In terms of audio input, the Vive Pro is definitively more impressive, as it comes fitted with a new dual-microphone array, better support for conversing in and out of the VR world, and active noise cancelling. It also comes with physical audio switches for volume control and mute on the headset itself, so you don’t have to dive into the SteamVR menu to change those settings.
The Rift has a single built-in microphone which is functional, but far from exceptional.
Winner: HTC Vive Pro
The HTC Vive Pro has higher-resolution demands than its predecessor, so it has higher minimum and recommended requirements. Although SteamVR now supports automated supersampling (up and downscaling) to match your system’s hardware, the Vive Pro’s demands are certainly higher than that of the Oculus Rift’s.
Frame rates across both headsets are the same though, due to stringent requirements of consumer VR and the 90Hz refresh rate of both headsets.
Winner: Oculus Rift
The differences between Oculus VR’s and HTC’s software platforms are far less obvious today than they were when both companies launched their first VR headsets. Both have access to an expansive library of titles through Steam using the SteamVR protocol. Oculus also has its own software platform with Oculus Home, while HTC and its Vive Pro has the VivePort store and subscription program.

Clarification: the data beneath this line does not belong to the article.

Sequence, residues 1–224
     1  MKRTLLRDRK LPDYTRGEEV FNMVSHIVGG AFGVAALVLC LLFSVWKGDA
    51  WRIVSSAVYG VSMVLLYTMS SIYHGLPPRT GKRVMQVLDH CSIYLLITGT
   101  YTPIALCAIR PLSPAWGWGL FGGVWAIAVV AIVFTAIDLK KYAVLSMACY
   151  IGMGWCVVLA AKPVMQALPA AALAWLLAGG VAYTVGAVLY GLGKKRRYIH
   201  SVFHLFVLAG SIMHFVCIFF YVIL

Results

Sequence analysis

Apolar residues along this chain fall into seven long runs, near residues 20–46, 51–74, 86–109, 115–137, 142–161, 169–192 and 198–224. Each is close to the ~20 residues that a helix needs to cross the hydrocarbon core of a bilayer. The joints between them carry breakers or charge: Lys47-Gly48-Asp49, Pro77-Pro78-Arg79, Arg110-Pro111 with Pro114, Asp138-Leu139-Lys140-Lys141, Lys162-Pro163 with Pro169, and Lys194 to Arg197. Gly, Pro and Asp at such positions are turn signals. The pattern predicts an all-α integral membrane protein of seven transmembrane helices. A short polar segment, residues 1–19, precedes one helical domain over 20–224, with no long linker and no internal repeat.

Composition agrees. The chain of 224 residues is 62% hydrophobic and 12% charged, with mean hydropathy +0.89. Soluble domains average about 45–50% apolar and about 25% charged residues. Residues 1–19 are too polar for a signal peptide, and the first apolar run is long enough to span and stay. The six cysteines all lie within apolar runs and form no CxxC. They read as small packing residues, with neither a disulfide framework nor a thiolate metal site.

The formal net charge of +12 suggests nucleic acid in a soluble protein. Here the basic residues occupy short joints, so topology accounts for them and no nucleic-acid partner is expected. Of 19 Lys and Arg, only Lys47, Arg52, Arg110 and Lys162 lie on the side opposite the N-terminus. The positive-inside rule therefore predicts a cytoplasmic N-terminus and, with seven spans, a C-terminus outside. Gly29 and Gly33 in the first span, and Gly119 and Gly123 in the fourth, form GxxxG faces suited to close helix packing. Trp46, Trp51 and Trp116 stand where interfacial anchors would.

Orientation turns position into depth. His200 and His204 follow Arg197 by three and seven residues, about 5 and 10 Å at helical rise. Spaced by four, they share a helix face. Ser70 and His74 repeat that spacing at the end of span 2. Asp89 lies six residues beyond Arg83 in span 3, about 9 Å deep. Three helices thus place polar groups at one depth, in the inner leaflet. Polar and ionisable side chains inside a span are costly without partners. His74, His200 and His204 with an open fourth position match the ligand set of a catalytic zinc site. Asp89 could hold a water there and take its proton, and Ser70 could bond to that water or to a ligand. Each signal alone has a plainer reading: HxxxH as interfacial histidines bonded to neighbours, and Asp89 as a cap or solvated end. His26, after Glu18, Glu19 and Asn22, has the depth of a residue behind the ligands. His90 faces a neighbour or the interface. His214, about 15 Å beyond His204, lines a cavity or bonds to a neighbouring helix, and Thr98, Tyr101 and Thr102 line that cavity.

The Vive Pro has access to a slightly wider array of games and experiences thanks to larger roomscale tracking and longer embedding of SteamVR support, but Oculus isn’t resting on its laurels. Its recent Rift Core 2.0 update massively expands the capabilities of the Home space and its new Dash menu system makes it easier to interact with non-VR applications while in VR. Facebook is likely to continue to push social content through its Oculus headsets too, which will be a real boon to those who want to use virtual reality for those kinds of interactions.
Both headsets have something going for them in this respect. The Oculus Rift’s “home” is arguably a slightly more polished experience, but the Vive Pro has a greater library of titles — especially if some are crafted to specifically take advantage of its new tracking abilities in the future.
The Oculus Rift with Touch controllers is currently priced at $400 and can often be found at $350 during sales, making it substantially cheaper than the HTC Vive Pro, which for the headset alone is $800. Buying it with first generation Vive motion controllers and Lighthouse sensors will set you back $1,100 in total. It is likely to be more expensive again when the second generation trackers and controllers launch later in 2018.
While we still might counsel you to buy an original HTC Vive (for $500) if you want a more affordable VR solution, when compared with the Vive Pro, the Rift is a much more economical entry point for high-end VR.
Winner: Oculus Rift
Considering it’s coming up on its second birthday, an age in any high-end hardware space, the Oculus Rift is aging fairly well. Its expanded software palette and ever-shrinking price tag make it a viable option for those looking to get into PC-based virtual reality.
That said, it is starting to show its age in the hardware department. Its lower-resolution display, lack of a wireless option, and (comparatively) limited roomscale tracking are in stark contrast to the more powerful HTC Vive Pro. Oculus will need a second-generation Rift of its own that goes far beyond the Oculus Go, to effectively respond to this new top-tier headset and some of the other competitors waiting in the wings.